There's no doubt about it, New Zealand skiing and boarding is going through a boom time right now. True snowsports enthusiasts have been making the trip since the late eighties. Later, Terje Haakonsen's legendary film Subjekt was partly filmed in New Zealand. But in recent years, the country's reputation had been steadily cranking its way through the notches with each passing winter. It's now firmly established as the summer stop-off du jour for most of the world's top northern hemisphere pros. Snow Park, one of the top dedicated freestyle resorts, has a worldwide influence that belies its tiny riding stature, and to further enhance New Zealand's freestyle reputation, 'The Stash', a Burton freestyle run made out of natural obstacles, of which there are only three in the world, was opened in The Remarkables in the winter of 2008. And that's without even mentioning the natural riding terrain in resorts such as Treble Cone and Cardrona, and the amazing, affordable heliskiing. And how about the towns Wanaka and Queenstown as bases to access all this? Few resorts can match this pair for location, atmosphere, facilities and sheer ambience. Even when the snow is bad, there's a lot to do. Each of these disparate elements combine to form the Kiwi snow experience, so is it any wonder that hordes of skiers and boarders are making the trip each year? Understandably, some locals have expressed gentle concern at the changes being wrought by and on behalf of this traffic: particularly in Queenstown which, being world famous, is destined only to get busier. But perhaps these worries are premature. As has been pointed out, compared to its glitzy European counterparts, Queenstown is still a village.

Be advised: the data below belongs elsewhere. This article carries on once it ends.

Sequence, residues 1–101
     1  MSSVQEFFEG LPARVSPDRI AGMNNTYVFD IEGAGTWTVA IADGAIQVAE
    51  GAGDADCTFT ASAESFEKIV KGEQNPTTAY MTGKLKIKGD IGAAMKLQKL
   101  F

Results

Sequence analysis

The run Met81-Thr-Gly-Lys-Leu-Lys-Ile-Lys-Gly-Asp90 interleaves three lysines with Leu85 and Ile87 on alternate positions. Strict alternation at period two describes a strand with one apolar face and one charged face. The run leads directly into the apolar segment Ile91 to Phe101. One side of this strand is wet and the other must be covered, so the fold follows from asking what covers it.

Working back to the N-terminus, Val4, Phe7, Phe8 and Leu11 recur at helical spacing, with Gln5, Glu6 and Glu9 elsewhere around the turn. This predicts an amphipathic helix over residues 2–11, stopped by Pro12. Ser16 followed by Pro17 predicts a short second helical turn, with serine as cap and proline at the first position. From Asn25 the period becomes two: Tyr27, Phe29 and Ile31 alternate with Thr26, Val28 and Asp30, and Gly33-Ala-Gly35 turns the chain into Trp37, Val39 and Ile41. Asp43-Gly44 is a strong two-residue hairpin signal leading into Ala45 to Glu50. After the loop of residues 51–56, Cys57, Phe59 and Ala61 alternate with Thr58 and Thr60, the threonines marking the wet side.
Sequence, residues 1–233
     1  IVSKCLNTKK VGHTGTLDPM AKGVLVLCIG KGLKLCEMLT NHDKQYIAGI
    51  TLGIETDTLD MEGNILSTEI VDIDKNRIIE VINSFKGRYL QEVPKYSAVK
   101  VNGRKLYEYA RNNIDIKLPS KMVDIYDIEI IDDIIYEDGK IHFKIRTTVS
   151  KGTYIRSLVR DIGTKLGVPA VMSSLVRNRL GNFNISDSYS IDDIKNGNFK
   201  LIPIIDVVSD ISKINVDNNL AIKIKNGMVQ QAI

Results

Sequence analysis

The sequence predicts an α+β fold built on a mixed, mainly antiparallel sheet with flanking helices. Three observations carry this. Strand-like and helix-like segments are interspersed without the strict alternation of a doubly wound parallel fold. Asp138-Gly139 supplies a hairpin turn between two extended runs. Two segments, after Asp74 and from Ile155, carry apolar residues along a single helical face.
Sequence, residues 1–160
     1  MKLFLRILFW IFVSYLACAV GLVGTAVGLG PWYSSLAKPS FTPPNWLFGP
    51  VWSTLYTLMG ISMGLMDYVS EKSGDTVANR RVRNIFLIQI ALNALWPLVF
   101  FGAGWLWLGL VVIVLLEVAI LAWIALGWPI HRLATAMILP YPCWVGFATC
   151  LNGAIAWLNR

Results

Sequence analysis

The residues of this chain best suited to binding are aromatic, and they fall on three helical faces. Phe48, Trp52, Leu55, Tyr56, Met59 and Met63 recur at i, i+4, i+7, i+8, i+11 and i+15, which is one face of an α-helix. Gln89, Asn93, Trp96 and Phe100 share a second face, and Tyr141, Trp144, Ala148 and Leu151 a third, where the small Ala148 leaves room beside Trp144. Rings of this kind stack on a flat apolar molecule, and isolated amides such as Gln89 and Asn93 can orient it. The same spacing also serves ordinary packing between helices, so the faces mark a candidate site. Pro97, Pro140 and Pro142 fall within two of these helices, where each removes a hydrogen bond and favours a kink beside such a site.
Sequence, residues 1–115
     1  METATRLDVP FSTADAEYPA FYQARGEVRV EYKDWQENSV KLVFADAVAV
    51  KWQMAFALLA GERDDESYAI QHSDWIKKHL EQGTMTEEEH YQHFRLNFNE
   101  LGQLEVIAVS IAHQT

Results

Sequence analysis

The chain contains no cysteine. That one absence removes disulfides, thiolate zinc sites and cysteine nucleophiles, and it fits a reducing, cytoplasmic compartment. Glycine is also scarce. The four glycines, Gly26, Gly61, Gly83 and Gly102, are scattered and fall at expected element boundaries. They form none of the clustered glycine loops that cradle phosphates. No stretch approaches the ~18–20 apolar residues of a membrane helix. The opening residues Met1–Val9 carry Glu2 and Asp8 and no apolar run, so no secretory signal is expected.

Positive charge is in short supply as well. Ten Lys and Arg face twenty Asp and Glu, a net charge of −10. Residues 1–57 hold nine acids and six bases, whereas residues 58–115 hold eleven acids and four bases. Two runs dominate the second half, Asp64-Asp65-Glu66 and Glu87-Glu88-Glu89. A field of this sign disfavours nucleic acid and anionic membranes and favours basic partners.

New Zealand weather is dictated by its southerly latitude and isolation out in the southwest Pacific. Westerly winds come in from across the Tasman Sea, cooling and rising as they pass over the Southern Alps to create storms. These fronts are followed by periods of clear weather, a cycle which usually lasts six to 10 days. The other important system is the southerly, passing up the east coast and causing temperatures to drop and snow to fall. Systems from the southeast in particular bring heavy snowfalls. Again, these storms will be followed by periods of calm, clear weather. Temperatures in the NZ winter are also generally chilly; as low as -10°C has been recorded, although a low of around 0-2°C is more usual. The main feature of New Zealand's weather is its unpredictability, meaning days featuring snow, sun, wind and even rain are not uncommon.

when to go

The very fact that New Zealand's winter coincides with the northern hemisphere's summer largely accounts for its popularity. For many chasing the endless winter, and for many professional skiers and film crews, two months in New Zealand during July and August is a far more appealing prospect than trying to make the most of conditions on one of the French or Swiss glaciers.

off piste policy

Off-piste skiing, either in the main resort centres, the Club Fields or via heliskiing is huge in New Zealand. Skiers are left to make their own decisions, and are expected to be equipped with full avalanche equipment. Take the usual precautions – don't ski on your own, let the patrol know where you're going and follow all local advice.

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